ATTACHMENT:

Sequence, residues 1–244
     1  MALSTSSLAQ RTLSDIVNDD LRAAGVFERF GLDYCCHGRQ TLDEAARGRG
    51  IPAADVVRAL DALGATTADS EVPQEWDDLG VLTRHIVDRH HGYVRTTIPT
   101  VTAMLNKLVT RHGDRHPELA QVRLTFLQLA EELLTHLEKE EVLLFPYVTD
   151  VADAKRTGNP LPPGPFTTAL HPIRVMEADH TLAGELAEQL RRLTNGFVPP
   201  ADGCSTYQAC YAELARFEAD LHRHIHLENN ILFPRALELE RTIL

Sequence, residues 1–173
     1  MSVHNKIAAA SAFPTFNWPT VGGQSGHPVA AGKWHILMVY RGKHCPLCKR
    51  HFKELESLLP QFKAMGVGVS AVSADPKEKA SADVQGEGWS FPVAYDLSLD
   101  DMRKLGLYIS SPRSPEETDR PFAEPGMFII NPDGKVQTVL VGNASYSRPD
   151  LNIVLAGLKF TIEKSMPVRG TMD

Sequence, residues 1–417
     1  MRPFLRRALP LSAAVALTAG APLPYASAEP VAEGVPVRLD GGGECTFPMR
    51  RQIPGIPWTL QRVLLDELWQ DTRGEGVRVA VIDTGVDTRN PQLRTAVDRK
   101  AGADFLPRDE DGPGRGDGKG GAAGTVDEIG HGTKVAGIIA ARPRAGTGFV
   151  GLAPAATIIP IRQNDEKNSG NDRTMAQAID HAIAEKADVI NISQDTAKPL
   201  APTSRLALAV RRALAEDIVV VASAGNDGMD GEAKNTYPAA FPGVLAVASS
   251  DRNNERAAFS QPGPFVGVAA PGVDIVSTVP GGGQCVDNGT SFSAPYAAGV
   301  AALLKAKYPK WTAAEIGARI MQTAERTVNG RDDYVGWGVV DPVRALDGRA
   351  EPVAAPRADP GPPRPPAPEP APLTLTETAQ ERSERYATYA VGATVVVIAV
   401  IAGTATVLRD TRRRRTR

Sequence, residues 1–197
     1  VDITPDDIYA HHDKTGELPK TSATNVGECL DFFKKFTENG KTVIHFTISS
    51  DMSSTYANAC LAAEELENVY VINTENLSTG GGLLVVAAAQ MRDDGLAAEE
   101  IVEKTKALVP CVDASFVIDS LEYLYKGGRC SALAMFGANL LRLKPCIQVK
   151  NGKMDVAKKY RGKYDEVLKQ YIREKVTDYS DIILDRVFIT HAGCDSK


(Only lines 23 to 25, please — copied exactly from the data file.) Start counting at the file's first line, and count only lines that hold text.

     1  VDITPDDIYA HHDKTGELPK TSATNVGECL DFFKKFTENG KTVIHFTISS
    51  DMSSTYANAC LAAEELENVY VINTENLSTG GGLLVVAAAQ MRDDGLAAEE
   101  IVEKTKALVP CVDASFVIDS LEYLYKGGRC SALAMFGANL LRLKPCIQVK